Muslims faced with too many enemies

Thursday 13 November 2003, by Daya VARMA

The opening remark on the occasion of CERAS (French acronym for South Asia Center) conference on Democratic Rights of Women in Pakistan on October 27, 1995, noted: "In recent years the governments of the West and the Western media have launched a systematic attack on Muslims." This state of affairs is more obvious today than it was eight years ago.

Since then US has waged wars on Afghanistan and Iraq. Hindu fundamentalists have been ruling India now for more than four years and targeting India’s 150 million Muslims physically, socially, culturally and politically - the anti-Muslim pogrom of March 2002 in Gujarat being the most blatant expression of this policy. There is no let up in the anti-Palestinian activities of Israel. The 1995 Conference only indicated but did not emphasize that a key factor in the ability of the West, Israel and India’s Sangh Parivar to humiliate Muslims is the Enemy Within. In other words, the rulers in most of the Islamic countries and Muslim religious leaders are not only in the forefront of suppressing Muslims but also are the reasons why others are able to persist in their anti-Muslim activities. There must be a reason why the outgoing Malaysian Prime Minister Mahathir Mohamad’s remark that Jews rule the world by proxy received world-wide condemnation but repeated use of the term "Islamic terrorists" is quite acceptable.

In an article "Facts on Ummah" (The News International, October 26, 2003, on SACW dispatch), Farrukh Saleem gives extensive data, which reveal that not only the rulers of Islamic countries repress their own people in the most ruthless way but also help alien forces to carry on their anti-Muslim crusade. Of the fifty-six member states of the Organization of Islamic Conference (OIC), twenty-two are authoritarian regimes, and 15 percent are monarchies so that at least 70 percent are authoritarian or totalitarian regimes or have restricted democratic practices; of the 1.3 billion Muslims more than 800 million continue to be absolutely illiterate; there are only 230 scientists per one million Muslims and less than 600 universities for 1.3 billion people, while India has 8,407 and the US with a population less than 300 universities and the US 5,758. The author of the article says: "We are trapped in a vicious cycle of illiteracy, poverty and violence" and supports Salman Rushdie view that "the world of Islam must take on board the secularist-humanist principles on which the modern is based, and without which Muslim countries’ freedom will remain a distant dream."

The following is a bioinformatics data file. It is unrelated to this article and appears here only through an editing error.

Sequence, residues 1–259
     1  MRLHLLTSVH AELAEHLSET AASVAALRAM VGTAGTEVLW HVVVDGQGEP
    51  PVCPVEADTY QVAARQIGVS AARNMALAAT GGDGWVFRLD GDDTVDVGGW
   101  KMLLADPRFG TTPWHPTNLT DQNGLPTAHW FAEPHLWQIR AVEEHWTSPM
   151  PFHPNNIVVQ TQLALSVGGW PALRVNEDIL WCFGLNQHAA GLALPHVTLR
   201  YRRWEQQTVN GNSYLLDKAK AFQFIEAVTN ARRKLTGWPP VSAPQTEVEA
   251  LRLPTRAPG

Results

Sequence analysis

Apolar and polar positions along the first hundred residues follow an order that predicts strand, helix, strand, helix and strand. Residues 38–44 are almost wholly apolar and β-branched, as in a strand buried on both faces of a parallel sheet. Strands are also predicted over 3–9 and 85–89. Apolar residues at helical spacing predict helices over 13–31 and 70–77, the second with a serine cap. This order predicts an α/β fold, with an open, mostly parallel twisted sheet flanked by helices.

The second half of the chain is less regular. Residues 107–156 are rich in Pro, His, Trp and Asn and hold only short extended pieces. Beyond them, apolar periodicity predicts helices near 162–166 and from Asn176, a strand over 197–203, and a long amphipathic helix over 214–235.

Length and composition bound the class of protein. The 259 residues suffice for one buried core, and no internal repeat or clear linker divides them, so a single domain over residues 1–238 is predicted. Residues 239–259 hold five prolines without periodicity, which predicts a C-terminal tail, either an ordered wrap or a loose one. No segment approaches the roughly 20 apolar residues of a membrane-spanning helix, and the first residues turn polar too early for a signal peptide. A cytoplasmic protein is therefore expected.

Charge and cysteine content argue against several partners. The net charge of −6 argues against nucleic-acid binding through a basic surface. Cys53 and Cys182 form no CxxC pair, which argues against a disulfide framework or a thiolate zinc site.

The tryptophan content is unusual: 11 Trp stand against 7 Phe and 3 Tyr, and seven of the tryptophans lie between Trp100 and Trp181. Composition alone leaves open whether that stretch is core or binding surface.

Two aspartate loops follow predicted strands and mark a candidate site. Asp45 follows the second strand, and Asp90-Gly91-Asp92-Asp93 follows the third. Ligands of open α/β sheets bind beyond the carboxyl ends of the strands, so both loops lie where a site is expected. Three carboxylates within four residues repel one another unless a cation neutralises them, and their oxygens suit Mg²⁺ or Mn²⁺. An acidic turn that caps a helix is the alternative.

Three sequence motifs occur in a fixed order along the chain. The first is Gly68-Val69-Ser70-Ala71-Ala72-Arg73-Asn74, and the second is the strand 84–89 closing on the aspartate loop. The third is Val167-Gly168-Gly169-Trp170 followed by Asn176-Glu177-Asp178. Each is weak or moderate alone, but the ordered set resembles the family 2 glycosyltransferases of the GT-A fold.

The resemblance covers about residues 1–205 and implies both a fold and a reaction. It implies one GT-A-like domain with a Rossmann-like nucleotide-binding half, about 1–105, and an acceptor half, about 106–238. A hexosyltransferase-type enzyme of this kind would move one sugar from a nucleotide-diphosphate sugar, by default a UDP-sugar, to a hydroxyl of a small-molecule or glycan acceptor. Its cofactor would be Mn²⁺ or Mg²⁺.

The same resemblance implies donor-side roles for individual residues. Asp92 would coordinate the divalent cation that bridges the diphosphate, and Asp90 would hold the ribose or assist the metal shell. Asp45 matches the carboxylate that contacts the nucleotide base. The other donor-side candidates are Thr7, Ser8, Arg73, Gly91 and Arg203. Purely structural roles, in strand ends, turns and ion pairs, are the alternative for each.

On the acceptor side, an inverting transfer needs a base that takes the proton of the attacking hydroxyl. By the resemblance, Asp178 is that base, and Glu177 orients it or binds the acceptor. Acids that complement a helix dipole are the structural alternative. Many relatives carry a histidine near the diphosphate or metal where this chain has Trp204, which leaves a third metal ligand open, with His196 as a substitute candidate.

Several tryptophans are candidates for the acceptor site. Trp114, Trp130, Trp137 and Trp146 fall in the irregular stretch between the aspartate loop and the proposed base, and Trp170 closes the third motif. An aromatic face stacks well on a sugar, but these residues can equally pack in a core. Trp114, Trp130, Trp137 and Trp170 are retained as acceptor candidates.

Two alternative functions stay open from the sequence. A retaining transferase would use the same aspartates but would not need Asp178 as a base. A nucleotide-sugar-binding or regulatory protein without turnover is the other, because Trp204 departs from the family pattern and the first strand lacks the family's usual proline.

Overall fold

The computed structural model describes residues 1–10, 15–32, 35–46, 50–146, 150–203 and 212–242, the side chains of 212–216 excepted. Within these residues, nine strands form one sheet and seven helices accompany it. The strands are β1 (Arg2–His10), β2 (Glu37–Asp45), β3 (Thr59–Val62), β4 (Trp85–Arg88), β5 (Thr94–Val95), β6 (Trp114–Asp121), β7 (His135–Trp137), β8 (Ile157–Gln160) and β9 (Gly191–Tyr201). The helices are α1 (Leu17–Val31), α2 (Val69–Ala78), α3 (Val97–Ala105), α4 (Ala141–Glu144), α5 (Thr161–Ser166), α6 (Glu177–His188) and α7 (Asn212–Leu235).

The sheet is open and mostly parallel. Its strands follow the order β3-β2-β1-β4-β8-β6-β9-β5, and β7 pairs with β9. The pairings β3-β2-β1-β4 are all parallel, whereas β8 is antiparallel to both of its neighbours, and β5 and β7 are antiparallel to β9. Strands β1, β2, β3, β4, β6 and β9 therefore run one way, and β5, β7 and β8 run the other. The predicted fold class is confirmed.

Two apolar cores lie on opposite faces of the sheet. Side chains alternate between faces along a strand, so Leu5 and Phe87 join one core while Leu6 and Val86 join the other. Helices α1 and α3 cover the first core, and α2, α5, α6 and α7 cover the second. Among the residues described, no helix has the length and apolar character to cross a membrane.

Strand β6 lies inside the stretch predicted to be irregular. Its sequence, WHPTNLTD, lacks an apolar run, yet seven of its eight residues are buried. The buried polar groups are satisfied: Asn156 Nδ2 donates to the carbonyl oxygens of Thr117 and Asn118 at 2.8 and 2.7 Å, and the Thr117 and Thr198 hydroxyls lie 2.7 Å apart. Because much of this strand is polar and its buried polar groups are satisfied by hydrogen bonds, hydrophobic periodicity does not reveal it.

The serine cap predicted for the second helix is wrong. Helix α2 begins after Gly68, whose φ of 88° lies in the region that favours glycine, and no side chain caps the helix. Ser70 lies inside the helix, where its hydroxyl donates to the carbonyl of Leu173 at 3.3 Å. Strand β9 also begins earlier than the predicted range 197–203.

No one can accurately say to what extent the practices of autocratic rules of many of the Islamic countries are abhorred by its people. There clearly is a mounting opposition to clerical establishment in Iran, while there is a reversal of the trend in Pakistan.

While reviewing "Islam and Democracy" by Fatima Mernissi, Professor Hassan N. Gardezi emphasizes the authors conclusion that suppression of Sufi tradition and in turn democracy; this, the book argues, was the weapon used by post-colonial rulers of Islamic countries to consolidate their power. The Muslim regimes "frightened alike by rationalism and by idea of democratic participation" are neither able to protect Islam nor Muslims," while the fundamentalism of their allies and opponents "lowers intelligence to the level of emotional, visceral reflexes. And any drop in intelligence bears within it the germs of decay." This crucial article obviously calls for a secular state. The book argues that: "The Saudi monarchy is the natural epicenter of all the fears and

phobias that afflict the despots who rule the world of Islam. From its oil resources flow the billions of dollars that have created the "petro-Wahabism, whose pillar is the veiled woman." As the core of Islamic fundamentalism, it is promoted around the world to fight back equality, freedom of thought, rationalism and humanism, the working principles of democracy, and thereby blocks all avenues for the majority of Muslims to live peaceful and productive lives in the modern age.

Dr. Iffat Idris of Pakistan writes that: "Accusing outside forces is a convenient way of deflecting attention (and criticism) from the authorities’ clear failings."

The Muslim question in India is peculiar to India’s history, politics and culture. Because the foundation of modern India was laid during the Moghul period, which coincides with resurgence of Sufi culture, Muslims envisioned their future and prosperity within an overall Indian framework. Even the Muslim League primarily raised political and not religious demands and did not succeed in winning the support of overwhelming majority of Indian Muslims. The problem of Indian Muslims is not so much linked to dominance of any short of religious fanaticism but rather the absence of a political formation which could represent their interests. Because of this and the absence of a genuine mainstream national secular Party, they stand as the most vulnerable section of the Indian society, made worse with the rise of Sangh Parivar. In this sense, the analysis of Farrukh Saleem Fatima Mernissi that Muslims are to blame themselves for their plight, largely true in the global context, does not apply to India.

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